"Passive" Heating and Cooling Is a Misnomer. It's Active.
Old buildings and communities are so important to us because we have to relearn how to design cities like they were before cars, and buildings like they were before there was air conditioning and cheap fuel. Carl Elefante is Director of Sustainable Design at Quinn Evans Architects; He spoke at the Heritage Canada Conference about Old Buildings in an Age of Environmental Crisis. Elefante noted traditional systems of natural ventilation were anything but "passive"- they required the active involvement of the occupants, in opening and closing windows, shades, cranking out awnings and using other simple technologies.
It is the modern systems that are passive as far as the occupant is concerned; set the thermostat and be done with it. But people can interact with buildings and actively participate in a number of ways, from opening windows to putting on a sweater when it is cool. Elefante complains that ASHRAE, the bible that engineers use to design mechanical systems, considers a human being to be "a six foot tall grey cylinder with a single data point," whereas a real human being can loosen their tie when it gets hot.
Carl also makes the point in an essay, "The Greenest Building..." that only about six percent of the buildings in America were built before 1920, the period that preservationists spend their time worrying about; there are 36 Billion square feet of non-residential buildings from the 50s through the 80s that need to be retrofitted and greened. It ain't going to be easy.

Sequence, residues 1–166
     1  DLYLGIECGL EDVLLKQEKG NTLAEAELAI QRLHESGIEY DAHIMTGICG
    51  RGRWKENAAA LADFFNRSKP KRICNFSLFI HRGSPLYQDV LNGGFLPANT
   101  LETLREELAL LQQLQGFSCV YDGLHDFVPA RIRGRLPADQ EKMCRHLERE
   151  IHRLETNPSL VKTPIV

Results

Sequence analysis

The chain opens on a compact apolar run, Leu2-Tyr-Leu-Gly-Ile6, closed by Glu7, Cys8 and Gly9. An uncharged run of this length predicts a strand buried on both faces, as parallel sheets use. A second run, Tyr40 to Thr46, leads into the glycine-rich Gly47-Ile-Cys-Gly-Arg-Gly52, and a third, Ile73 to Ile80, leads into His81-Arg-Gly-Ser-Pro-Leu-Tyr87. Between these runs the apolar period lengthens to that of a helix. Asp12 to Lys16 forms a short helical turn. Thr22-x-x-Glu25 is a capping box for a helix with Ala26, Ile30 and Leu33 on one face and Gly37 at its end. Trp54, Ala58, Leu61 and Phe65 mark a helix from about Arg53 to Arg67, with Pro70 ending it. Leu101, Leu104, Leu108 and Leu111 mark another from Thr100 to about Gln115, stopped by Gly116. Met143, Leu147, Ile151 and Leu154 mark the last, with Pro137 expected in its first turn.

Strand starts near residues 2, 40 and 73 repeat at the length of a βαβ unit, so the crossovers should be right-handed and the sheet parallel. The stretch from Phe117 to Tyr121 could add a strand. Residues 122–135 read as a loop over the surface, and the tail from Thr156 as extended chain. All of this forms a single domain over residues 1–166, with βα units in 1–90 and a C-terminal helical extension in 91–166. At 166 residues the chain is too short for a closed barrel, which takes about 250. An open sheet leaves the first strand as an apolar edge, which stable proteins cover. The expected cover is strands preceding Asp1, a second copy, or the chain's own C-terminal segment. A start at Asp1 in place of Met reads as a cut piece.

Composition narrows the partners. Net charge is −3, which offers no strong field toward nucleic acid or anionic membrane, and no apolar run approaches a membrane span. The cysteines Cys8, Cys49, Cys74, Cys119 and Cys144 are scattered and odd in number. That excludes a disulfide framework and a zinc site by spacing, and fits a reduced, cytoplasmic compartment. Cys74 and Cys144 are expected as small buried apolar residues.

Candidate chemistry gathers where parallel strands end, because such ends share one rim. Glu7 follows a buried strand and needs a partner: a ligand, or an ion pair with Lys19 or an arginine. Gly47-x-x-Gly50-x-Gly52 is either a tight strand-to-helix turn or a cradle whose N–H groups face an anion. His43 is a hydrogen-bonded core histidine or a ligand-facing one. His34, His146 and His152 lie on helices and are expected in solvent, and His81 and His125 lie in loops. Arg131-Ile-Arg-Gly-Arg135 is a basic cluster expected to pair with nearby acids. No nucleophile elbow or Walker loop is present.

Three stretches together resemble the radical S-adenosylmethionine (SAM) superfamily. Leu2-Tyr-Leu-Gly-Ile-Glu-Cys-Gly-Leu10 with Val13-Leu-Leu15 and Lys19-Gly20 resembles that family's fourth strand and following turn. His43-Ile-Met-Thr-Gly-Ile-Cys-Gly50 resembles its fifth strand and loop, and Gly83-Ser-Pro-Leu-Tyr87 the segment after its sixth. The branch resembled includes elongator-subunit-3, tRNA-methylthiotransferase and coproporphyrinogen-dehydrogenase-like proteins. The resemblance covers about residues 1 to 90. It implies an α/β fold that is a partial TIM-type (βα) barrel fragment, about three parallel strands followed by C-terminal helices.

Quite frequently, with the preservation of 18th-, 19th-, and early 20th-century buildings, we endeavor to retain or restore their original function as well as fabric. Repairing operable windows, shutters, and awnings on a Victorian house in a historic neighborhood overarched with 100-year-old trees is so obviously a win-win for both preservation and sustainability. The character of a historic resource is preserved and effective weather- and climate-responsive devices are returned to their intended function. But it is hard to discover such win-win scenarios with many, if not most, modern-era buildings. Far too frequently, the windows never operated and the mechanical system never performed efficiently. Something different, something new, something layered on to what already exists is needed.
That is going to be the real challenge; fixing the crap of the last sixty years.